The Amazon Studios drama centers on the CIA’s use of enhanced interrogation or torture.
On Friday Pompeo tweeted: “I watched The Report. Fiction. To be clear: the bad guys are not our intelligence warriors. The bad guys are the terrorists. To my former colleagues and all of the patriots at @CIA who have kept us safe since 9/11: America supports you, defends you and has your back. So do I.”
Burns took issue with the way Pompeo defended the CIA’s work as patriotic, and called the secretary of state’s comments “misguided.”
The movie chronicles the Senate Select Committee on Intelligence investigation that led to the 2014 release of a report on the CIA’s use of torture in the war on terror. It follows Daniel Jones (Adam Driver), who was lead investigator for the committee, then chaired by Sen. Dianne Feinstein (D-CA), played by Annette Bening.
In his statement, Burns said, “I am grateful to Secretary of State Pompeo for taking the time to watch The Report movie on Amazon Prime. I hope he will go back and read the [Senate Select Committee on Intelligence] report as well. I am interested in knowing what part he finds to be fiction and I ask him to join me in calling for the release of the Panetta Review which the CIA conducted into the [enhanced interrogation technique] program so that this dispute can be resolved. I agree with him that terrorists are bad guys— as are the people who conducted barbaric and ineffective acts of torture in the name of Mr. Pompeo’s misguided notion of ‘Patriotism’ and then misled Congress and the American people.”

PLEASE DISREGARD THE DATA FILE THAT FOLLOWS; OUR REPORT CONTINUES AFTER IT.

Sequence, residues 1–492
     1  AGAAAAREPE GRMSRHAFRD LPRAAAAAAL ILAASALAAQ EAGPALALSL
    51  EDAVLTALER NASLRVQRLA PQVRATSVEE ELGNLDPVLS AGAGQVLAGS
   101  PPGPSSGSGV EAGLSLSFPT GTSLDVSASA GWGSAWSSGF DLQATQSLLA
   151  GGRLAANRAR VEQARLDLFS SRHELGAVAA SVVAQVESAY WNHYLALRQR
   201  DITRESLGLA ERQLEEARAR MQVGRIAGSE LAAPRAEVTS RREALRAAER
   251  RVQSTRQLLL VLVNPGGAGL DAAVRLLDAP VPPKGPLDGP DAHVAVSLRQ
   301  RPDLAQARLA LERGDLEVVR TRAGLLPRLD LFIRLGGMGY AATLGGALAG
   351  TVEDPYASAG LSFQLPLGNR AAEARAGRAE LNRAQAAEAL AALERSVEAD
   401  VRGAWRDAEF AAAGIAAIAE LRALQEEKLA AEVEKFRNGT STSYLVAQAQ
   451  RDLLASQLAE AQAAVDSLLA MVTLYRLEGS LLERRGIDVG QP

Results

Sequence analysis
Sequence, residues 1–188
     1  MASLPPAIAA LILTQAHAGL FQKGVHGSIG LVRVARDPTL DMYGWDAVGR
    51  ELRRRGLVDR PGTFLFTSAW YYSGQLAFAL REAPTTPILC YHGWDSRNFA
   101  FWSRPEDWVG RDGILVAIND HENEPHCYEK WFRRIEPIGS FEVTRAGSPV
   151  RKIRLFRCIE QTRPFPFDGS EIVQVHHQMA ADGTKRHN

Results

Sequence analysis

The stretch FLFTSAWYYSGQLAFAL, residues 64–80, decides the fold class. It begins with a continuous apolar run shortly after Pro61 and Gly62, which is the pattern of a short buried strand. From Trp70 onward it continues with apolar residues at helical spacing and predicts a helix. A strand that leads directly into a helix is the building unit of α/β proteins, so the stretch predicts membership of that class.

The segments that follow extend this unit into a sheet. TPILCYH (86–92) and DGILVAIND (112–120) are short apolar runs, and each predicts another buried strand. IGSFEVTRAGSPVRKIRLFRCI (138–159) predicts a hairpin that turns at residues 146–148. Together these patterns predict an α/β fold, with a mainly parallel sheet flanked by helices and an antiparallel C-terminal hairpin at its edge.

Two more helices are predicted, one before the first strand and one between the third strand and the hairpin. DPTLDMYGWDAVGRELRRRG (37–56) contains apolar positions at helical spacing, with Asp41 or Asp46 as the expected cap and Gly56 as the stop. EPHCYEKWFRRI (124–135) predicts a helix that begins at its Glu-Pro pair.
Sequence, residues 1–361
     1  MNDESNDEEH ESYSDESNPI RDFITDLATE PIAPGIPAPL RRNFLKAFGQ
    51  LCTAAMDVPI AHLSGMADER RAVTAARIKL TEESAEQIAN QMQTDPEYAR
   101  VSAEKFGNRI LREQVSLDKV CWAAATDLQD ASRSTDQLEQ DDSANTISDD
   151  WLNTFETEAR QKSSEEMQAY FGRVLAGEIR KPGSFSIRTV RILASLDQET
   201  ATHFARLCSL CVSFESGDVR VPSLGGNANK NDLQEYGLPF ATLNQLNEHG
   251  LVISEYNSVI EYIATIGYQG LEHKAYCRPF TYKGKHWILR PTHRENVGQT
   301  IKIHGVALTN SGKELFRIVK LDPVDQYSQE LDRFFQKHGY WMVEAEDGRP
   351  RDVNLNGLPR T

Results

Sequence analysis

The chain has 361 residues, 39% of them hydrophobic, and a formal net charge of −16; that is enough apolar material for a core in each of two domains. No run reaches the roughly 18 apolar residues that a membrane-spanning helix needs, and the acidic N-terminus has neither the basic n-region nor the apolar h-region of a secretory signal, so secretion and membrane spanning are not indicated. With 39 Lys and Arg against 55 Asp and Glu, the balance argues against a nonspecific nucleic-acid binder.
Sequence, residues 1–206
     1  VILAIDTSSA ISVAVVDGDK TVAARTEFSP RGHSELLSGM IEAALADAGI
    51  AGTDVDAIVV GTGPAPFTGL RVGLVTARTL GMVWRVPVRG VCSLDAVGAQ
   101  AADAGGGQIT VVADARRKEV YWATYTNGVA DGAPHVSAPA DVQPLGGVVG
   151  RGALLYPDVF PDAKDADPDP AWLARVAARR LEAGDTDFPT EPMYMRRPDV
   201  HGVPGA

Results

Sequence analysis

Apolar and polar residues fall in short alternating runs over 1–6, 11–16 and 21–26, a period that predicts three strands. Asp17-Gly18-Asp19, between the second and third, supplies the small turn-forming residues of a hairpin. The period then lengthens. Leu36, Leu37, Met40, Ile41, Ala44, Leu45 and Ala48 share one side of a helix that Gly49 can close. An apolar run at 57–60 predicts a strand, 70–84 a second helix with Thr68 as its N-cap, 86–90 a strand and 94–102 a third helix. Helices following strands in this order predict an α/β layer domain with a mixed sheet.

The Panetta review is an internal report that was led by then-CIA director Leon Panetta of the use of torture during the administration of President George W. Bush.
The controversy over The Report has echoes to that over Zero Dark Thirty in 2012.
Back then, Feinstein, the late Sen. John McCain (R-AZ) and Sen. Carl Levin (D-MI) were vocal in their criticisms of the movie because they believed it gave the impression that the CIA’s use of torture was beneficial in finding Osama Bin Laden.
As the movie was being released, the senators fired off a letter to then Sony Pictures Entertainment CEO Michael Lynton, calling the film “inaccurate.” Their concern was that the movie was “misleading in its suggestion that torture resulted in information that led to the location of Osama bin Laden.” They cited the Intelligence Committee investigation into the use of torture.
Director Kathryn Bigelow and screenwriter Mark Boal defended the film and said in a statement at the time that it “shows that no single method was necessarily responsible for solving the manhunt, nor can any single scene taken in isolation fairly capture the totality of efforts the film dramatizes.”
Michael Morell, who was acting CIA director at the time, also weighed in, but was more measured in his response.
He called the movie a “dramatization, not a realistic portrayal of the facts.” He refuted the idea that enhanced interrogation was the “key to finding Bin Laden,” but also did not entirely dismiss whether torture yielded information. He said in a statement that “enhanced interrogation techniques were the only timely and effective way to obtain information from those detainees, as the film suggests, is a matter of debate that cannot and never will be definitively resolved.”
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